4. France is the first country to ban plastic cups and plates and utensils –  French law will require all disposable tableware to be made from 50% biologically-sourced materials. read more.   And on the subject of plastic, they have also banned the common plastic bag – that’s the smaller and thinner type used in supermarkets.  They will still have plastic bags, but they must be reusable ones which should cut down the numbers.
    You know those little plastic bags you put the veggies/fruit in? well they’ve been phased out as of the start of this year (2017) The law also currently plans to have domestically compostable bags which should replace plastic fruit and vegetable bags too.  Did you know:  An average plastic bag takes one second to make, is used for roughly 20 minutes and takes up to 400 years to degrade naturally.
  5. Food – The have become the world’s first country to ban supermarket waste and compel large retailers to donate unsold food.  Let’s face it – there’s heaps of places that will take donated food, not just the homeless shelters – what about schools, orphanages, old folk homes .
  6. All the new buildings in commercial zones must now comply and have green roofs – that is to say the rooftops must be partially covered in plants or solar panels by law.
  7. And now – the cameras in slaughterhouses.  Although France’s history of animal welfare is lacking compare to other countries, at least this is a real start.  It did come about by the release of hidden video as well as a fair amount of protesting.  Read more  To top this off a coalition of 26 French animal protection associations have combined to make sure that animal welfare is on the political agenda for the next presidential and legislative elections.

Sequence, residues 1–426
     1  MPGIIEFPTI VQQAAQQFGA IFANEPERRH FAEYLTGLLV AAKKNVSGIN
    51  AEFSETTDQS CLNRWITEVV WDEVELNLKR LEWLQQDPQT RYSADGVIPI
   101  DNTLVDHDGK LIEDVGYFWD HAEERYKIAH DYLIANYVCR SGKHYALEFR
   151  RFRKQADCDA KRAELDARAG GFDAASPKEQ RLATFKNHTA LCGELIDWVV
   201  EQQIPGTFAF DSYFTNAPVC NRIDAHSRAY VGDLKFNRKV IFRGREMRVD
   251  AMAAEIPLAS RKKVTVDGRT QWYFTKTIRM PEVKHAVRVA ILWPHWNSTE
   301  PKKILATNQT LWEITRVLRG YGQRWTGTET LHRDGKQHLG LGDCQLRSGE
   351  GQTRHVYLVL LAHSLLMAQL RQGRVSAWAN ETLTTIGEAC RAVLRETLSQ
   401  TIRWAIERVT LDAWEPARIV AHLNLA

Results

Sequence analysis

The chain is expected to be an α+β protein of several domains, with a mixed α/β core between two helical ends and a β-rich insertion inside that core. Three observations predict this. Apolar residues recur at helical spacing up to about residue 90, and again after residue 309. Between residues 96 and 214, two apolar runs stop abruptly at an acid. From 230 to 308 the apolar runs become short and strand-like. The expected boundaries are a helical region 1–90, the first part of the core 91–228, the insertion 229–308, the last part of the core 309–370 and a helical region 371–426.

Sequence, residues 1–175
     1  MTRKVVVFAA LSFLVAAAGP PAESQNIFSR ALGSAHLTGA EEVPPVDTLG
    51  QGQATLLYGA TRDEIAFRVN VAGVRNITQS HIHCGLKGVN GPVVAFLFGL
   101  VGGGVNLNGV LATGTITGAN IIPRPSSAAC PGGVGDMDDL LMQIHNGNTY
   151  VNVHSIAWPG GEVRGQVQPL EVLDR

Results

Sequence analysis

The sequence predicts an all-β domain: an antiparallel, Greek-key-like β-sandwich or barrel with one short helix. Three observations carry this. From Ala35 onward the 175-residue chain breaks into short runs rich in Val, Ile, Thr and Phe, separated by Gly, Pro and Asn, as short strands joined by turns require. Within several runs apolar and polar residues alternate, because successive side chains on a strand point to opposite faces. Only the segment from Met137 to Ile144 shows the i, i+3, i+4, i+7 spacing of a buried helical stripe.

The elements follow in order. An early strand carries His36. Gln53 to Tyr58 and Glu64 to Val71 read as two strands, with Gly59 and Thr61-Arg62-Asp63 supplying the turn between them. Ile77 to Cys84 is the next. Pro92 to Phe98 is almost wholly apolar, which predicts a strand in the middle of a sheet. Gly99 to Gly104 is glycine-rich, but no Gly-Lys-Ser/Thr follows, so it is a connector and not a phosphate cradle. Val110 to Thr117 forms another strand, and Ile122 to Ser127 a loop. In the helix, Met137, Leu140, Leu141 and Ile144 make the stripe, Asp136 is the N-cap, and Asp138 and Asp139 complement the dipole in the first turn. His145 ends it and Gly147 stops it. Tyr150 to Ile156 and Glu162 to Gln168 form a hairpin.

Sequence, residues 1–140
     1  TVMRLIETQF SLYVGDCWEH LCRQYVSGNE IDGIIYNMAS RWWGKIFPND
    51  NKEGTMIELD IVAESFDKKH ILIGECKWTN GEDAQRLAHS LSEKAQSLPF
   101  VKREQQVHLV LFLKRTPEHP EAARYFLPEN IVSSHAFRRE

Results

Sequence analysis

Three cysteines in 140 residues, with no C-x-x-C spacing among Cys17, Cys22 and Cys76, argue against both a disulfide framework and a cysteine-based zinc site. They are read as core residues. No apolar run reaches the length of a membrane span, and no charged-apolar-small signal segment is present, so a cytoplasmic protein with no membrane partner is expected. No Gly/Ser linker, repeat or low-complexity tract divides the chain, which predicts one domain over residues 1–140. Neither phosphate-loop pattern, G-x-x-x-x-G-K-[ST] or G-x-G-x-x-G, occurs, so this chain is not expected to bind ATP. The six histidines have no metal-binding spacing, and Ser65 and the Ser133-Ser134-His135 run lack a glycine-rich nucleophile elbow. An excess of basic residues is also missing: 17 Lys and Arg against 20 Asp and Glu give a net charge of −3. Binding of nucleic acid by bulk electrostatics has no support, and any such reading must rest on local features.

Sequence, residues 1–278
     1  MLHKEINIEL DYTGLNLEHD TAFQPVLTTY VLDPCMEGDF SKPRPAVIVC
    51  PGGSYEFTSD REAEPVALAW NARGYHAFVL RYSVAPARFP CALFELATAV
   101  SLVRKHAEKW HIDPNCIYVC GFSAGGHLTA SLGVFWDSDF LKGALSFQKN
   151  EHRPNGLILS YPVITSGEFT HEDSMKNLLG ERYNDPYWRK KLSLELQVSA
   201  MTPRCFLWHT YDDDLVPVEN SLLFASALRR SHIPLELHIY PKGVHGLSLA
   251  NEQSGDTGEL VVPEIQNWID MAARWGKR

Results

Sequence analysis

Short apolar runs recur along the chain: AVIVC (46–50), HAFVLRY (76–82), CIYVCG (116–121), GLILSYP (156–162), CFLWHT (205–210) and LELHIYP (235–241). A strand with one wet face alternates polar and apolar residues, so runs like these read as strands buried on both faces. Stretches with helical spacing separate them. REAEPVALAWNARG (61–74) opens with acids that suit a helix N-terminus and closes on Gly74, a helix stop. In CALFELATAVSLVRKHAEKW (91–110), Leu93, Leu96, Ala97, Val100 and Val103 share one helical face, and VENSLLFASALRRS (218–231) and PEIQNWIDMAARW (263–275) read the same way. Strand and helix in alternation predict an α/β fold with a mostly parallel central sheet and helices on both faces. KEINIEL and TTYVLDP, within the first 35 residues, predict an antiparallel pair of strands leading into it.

Our animals and our planet need us to get behind countries that are actually doing something.  Yes we need the “something” to be way more than what’s being done, and way faster, but, being the realist I am, I’m grateful for small wins.

Speaking about the environment – The EU, those pesky bureaucrats in Brussels who care for the environment, are putting all countries under pressure to reduce the consumption of plastic bags.  Wish the same could be said for here Down Under!!!

Love food, be kind to animals (including humans)
and, remember, for every $ you spend you shape our world.



The Wins Of 2016

Looking back on 2016 … it wasn’t too bad a year and we did have some wins.

There were some wonderful moments for the animals such as a group of little ducklings were saved by awesome firemen after they fell down a grate.  Mumma duck was sooooo thrilled to have her babies back.  And, firemen rescued swans from freezing on ice, not just once, but three times.

However, I want to look back on some of the “wins” that didn’t necessarily make the “headlines” but will make life a little easier on those animals who are constantly abused – that is: animals used for human purposes.  So here’s my top 12: